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More often than not, that missing item you've turned the house upside down to find - reading glasses or car keys, for example - ends up being right in front of you.
That should be a lesson to Gov. McAuliffe and House leaders in their search for an elusive solution to the current budget stalemate.
McAuliffe wants to expand Medicaid, the government funded program providing health insurance to the indigent, to cover low-income adults.
House leaders object but have devoted all their time to nitpicking the governor's plan rather than coming up with their own.
Senators have helpfully offered a rational compromise. Marketplace Virginia would allow uninsured individuals to purchase private insurance using federal funds available from taxes already being collected on state residents and businesses. Participants would be required to share in the costs. The program offers relief to hospitals facing steep cuts under the Affordable Care Act, which rolls back charitable care assistance under the assumption that more patients will be insured.
It's a middle-ground, business-oriented idea that should be an easy decision. But instead, legislators swept into Capitol Square last week, spouted off a lot of partisan blabber then headed home, leaving the negotiating table vacant.
House leaders say they're loath to use federal dollars, which would initially pay 100 percent of costs and 90 percent in future years, out of fear that national leaders might one day renege.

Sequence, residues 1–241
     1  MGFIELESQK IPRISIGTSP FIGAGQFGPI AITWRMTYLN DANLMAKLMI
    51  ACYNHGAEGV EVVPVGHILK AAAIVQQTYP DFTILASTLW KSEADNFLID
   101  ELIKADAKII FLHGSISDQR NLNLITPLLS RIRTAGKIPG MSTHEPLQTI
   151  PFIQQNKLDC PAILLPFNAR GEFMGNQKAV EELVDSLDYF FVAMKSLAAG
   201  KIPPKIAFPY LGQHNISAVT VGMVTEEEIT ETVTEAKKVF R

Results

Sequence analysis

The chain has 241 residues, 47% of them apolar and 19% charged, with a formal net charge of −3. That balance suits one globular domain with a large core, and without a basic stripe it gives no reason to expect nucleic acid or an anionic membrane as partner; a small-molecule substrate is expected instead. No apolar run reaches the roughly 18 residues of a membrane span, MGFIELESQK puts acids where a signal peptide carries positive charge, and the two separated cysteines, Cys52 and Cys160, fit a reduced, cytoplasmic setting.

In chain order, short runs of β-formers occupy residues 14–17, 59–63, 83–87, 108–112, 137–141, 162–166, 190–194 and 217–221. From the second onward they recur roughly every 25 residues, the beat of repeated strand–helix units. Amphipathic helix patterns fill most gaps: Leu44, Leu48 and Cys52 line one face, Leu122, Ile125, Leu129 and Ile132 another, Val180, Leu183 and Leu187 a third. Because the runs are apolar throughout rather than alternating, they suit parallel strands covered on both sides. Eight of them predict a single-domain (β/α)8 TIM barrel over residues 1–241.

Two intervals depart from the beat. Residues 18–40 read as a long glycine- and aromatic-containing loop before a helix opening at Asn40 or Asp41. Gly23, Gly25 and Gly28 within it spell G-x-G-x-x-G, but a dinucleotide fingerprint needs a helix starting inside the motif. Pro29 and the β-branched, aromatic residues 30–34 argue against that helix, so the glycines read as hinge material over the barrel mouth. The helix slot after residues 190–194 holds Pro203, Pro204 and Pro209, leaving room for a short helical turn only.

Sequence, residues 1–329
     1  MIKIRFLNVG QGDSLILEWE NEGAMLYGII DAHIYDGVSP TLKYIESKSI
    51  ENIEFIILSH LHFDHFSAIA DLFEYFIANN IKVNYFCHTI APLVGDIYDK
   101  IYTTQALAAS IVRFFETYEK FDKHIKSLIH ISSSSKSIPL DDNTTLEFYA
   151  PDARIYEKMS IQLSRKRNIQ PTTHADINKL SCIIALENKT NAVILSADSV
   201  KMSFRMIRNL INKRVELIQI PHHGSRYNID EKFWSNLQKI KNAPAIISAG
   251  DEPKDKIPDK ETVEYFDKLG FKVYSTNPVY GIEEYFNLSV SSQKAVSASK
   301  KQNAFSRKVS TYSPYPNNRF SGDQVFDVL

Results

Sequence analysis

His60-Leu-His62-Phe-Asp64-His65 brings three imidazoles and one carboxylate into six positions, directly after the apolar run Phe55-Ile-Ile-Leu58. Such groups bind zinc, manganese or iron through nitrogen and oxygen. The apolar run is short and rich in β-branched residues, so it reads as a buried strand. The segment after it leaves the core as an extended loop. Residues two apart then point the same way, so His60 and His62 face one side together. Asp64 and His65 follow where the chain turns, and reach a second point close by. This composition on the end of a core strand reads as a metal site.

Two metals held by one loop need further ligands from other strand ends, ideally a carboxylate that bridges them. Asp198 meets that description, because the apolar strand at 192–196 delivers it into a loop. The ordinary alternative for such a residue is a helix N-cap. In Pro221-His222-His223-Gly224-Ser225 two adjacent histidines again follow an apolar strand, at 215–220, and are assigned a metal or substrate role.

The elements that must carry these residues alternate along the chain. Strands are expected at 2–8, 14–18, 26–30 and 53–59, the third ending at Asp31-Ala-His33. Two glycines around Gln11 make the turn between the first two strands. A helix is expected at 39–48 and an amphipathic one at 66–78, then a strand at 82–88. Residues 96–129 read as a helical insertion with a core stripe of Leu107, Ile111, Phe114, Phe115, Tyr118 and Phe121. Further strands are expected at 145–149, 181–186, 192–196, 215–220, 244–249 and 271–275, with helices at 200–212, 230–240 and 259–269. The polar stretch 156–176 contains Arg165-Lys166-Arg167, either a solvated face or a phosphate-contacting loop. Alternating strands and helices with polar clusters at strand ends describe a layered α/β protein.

But that argument makes little sense given their use of $195 million in federal funding from other parts of the Affordable Care Act to balance their own budget proposal for the current year, plus another $51 million for the new two-year spending plan they endorsed. Indeed, they rely on a total of more than $20 billion in federal funds, nearly a quarter of their entire budget plan.
McAuliffe's proposal to expand Medicaid coverage in a two-year pilot program has generated some confusion given his previous support for the Marketplace Virginia model. It's hard to determine whether he's helped or harmed the process given the reality that absolutely nothing has happened in weeks.
His proposal doesn't rule out the private-option favored by the Senate. Rather it could serve as a temporary means for Virginia to qualify for federal funding while hammering out the particulars for the private insurance model. Doing so would free up $225 million in state tax revenues, some of which could be used for mental health reforms, teacher pay, pre-kindergarten and extended school year programs, and stabilization of the state's pension fund.
But the best choice for state leaders still rests with the Marketplace Virginia approach. If House leaders can't stomach adding more people to the Medicaid rolls, despite the fact that they've added thousands of intellectually disabled individuals to the program in recent years, then they should focus on digesting the Senate proposal. Once they've decided what they like and dislike about the idea, they can hash out the details with senators who would welcome that conversation.
In January, Speaker Bill Howell penned a commentary calling for an "alternative approach" to expanding Medicaid. Nearly three months later, he has yet to offer any alternative of his own. Meanwhile, the Marketplace Virginia plan sits untouched, waiting for someone to show up at the negotiating table. Like a misplaced pair of glasses, it's in plain sight. State leaders are just pretending not to see it.